The fine art of wonderment
Posted by Mad Mitch on UTC 2016-06-22 11:22. Updated on UTC 2016-06-25
The solstices, summer and winter, and the equinoxes, spring and autumn, are a cause for wonder – astonishment, too. We think in awe of the immense celestial mechanics of which we tiny beings on our tiny, tilted planet are a part. We may recall Feynman's cutting insight into the inadequacies of religious narratives: 'the stage is too big'.
The more earthbound of us may just gaze in wonderment on people who dress in bedsheets, wreathe their foreheads with ivy and miss valuable sleep to greet the dawn on the summer solstice. These infinitesimal dust mites are happy in their firm belief that the celestial immensity is there just for them. But we should not deny them their own wonder, too, as the sun rises between the stones.
Wonder, astonishment, surprise – whatever you want to call it – is the starting point for all philosophical questioning. Plato (428?-348? BC), through the mouth of Socrates, described that to the young Theaetetus:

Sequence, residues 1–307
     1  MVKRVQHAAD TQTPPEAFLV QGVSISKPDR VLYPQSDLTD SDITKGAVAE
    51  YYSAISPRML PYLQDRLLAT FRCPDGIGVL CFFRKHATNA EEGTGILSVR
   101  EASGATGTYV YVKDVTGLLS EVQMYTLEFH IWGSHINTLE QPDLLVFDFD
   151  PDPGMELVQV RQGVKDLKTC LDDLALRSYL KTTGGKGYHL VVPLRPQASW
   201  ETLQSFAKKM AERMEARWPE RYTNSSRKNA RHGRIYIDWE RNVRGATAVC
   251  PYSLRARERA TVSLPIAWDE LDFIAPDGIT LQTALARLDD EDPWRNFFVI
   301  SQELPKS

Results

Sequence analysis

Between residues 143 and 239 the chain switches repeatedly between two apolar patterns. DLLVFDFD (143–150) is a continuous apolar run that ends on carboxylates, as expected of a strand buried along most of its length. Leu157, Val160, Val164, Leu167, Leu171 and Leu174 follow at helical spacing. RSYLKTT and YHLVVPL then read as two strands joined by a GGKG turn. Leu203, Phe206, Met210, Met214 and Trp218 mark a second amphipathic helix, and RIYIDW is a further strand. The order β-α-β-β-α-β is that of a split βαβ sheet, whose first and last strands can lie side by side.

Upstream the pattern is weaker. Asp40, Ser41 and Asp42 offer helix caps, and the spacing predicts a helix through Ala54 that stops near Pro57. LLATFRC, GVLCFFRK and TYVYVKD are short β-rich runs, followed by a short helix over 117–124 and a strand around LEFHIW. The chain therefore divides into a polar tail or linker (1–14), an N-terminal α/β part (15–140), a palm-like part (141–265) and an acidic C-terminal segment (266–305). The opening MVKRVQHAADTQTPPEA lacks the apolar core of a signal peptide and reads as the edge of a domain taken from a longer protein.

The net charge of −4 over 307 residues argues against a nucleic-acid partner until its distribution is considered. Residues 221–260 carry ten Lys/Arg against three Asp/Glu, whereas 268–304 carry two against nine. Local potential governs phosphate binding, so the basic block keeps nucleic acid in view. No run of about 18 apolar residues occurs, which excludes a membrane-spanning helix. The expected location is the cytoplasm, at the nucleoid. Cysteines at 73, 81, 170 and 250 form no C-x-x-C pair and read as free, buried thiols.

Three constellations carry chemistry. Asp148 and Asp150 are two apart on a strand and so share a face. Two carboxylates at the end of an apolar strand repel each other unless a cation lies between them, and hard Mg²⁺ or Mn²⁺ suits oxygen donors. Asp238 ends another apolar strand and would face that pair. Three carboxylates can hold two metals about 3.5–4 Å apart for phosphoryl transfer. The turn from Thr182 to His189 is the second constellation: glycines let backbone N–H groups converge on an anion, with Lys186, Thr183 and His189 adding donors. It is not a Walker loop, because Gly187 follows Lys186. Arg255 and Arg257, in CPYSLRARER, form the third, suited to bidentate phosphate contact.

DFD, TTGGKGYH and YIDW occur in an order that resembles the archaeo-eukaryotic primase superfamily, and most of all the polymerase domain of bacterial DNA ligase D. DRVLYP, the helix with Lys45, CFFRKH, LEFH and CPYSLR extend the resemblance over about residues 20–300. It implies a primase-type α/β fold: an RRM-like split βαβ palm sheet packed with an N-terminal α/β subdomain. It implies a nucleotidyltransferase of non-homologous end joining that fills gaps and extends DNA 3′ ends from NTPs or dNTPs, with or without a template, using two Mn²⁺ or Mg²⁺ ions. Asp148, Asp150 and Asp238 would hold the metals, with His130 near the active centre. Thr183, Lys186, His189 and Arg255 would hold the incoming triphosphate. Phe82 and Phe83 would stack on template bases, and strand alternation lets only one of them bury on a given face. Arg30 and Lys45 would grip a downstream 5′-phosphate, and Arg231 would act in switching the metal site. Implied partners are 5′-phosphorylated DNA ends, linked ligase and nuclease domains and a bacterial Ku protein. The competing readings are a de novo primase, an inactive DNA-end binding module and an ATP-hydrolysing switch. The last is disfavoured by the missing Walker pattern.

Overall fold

For this feeling of wonder shows that you are a philosopher, since wonder is the only beginning of philosophy, and he who said that Iris was the child of Thaumas made a good genealogy. 
Iris is the messenger of heaven in Greek mythology. Plato interprets the name of her father Thaumas as 'wonder' (Thauma, θαῦμα), leading to the 'good genealogy' – 'good' in Socrates/Plato's opinion because the messages of the gods are always a source of wonder.
His happy aside about Iris provides us with a useful excuse to look at these famous irises of Vincent van Gogh, painted in the psychiatric hospital at Saint-Rémy – in their own way messages from the gods that cause wonder to mortals, whether artists or viewers:
Vincent van Gogh, Irises, 1890. Image: The Metropolitan Museum of Art, New York.
Vincent van Gogh, Irises, 1889. Image: J. Paul Getty Museum, Los Angeles.
Vincent van Gogh, Irises, 1890. Image: Van Gogh Museum, Amsterdam.
Aristotle (384-322 BC), the plodding explainer, added some verbal ballast to Plato's charming simplicity:
It is through wonder that men now begin and originally began to philosophize; wondering in the first place at obvious perplexities, and then by gradual progression raising questions about the greater matters too, e.g. about the changes of the moon and of the sun, about the stars and about the origin of the universe. 
But Plato and Aristotle are not really talking about the same things.